allegedly infringing the Ziebart and Formula Q trademarks in 2000,
plaintiff believed defendant stopped using the trademarks that same
year, prior to the lawsuit being filed. Thus, there was no reason for
plaintiff to bring its trademark infringement claims in the 2001
The counterclaims made in 2001 are not sufficiently related to
trademark infringement such that the mutual release bars plaintiff’s
claims. In 2001, plaintiff sued defendant for breach of the non-compete
and non-solicitation provisions of the Asset Purchase Agreement after
defendant allegedly solicited sales from plaintiff’s franchisees. (Dkt. 5613 at 12.) Although trademark infringement relates to competition, it
does not sufficiently relate to soliciting sales from plaintiff’s franchisees
so as to qualify as “in connection” with the counterclaims brought in
2001. Accordingly, defendant’s motion for summary judgment on the
ground of res judicata is denied.
Count IV Is Not Barred by Equitable Estoppel or
the Asset Purchase Agreement
Defendant argues Count IV of the complaint is barred by
equitable estoppel or the Asset Purchase Agreement. (Dkt. 56 at 19–
21.) Defendant argues it was misled by plaintiff because plaintiff failed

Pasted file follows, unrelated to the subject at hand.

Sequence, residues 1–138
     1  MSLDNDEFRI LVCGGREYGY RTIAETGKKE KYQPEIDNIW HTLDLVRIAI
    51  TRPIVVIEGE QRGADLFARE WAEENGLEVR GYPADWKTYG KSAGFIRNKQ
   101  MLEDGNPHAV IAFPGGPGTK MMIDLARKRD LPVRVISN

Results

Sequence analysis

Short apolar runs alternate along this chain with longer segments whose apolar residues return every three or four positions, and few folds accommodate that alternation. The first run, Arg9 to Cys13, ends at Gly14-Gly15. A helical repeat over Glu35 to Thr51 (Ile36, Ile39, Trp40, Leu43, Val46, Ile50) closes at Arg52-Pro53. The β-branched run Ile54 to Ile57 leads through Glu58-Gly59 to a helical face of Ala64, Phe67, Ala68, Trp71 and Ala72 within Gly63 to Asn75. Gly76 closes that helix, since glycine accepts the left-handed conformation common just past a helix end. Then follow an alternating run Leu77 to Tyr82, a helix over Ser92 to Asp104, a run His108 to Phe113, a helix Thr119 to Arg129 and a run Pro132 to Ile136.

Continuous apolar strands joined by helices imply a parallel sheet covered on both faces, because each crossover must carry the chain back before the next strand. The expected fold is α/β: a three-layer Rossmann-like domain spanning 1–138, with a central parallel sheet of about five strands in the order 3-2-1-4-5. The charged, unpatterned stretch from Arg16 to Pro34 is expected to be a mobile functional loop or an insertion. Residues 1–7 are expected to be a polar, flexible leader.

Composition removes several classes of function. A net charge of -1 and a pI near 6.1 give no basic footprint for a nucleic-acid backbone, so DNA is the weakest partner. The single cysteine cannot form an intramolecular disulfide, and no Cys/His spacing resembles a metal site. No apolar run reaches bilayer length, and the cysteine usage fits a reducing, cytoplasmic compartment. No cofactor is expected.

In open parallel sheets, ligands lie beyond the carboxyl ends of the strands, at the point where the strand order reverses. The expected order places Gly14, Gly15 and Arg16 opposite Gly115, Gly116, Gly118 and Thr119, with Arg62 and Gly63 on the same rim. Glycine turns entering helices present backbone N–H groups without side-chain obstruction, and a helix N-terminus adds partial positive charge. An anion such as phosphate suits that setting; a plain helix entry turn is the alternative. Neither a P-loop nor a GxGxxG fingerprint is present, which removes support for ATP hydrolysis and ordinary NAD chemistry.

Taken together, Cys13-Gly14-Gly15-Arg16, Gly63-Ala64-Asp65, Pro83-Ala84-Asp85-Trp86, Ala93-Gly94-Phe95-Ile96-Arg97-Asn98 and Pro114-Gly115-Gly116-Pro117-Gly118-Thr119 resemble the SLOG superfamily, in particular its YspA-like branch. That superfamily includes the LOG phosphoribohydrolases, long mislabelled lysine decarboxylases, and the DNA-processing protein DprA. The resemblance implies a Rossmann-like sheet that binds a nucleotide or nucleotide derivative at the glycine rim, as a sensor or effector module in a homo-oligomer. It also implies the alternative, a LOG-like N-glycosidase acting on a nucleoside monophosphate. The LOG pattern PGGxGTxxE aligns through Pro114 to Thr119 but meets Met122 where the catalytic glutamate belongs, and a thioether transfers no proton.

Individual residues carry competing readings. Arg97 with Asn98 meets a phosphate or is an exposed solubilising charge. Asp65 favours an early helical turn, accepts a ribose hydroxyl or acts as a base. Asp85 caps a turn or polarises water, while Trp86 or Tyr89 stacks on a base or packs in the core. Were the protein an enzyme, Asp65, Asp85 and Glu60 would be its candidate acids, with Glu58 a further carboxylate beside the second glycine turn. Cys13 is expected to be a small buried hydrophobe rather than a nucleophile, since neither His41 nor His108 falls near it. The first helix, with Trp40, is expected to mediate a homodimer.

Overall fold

to request defendant remove the meta tags with “Ziebart” from its
website in its correspondence with defendant and in the 2012
Settlement Agreement. (Id. at 20.) Plaintiff contends its claims are not
barred because (1) it is unreasonable for defendant to believe plaintiff
wanted removed only the improper uses that plaintiff found; (2) the
2012 Settlement Agreement expressly requires defendant to remove
references to Ziebart from its website within thirty days; and (3)
plaintiff was not negligent and did not make misrepresentations, as its
trademark counsel could not have known about the meta tags. (Dkt. 66
In a trademark infringement suit, a defendant asserting equitable
estoppel must prove “(1) misleading conduct that leads the defendant to
believe that the plaintiff will not bring an infringement suit; (2) reliance
on the misleading conduct by the defendant; and, (3) material prejudice
suffered by the defendant as a result of the defendant’s reliance.”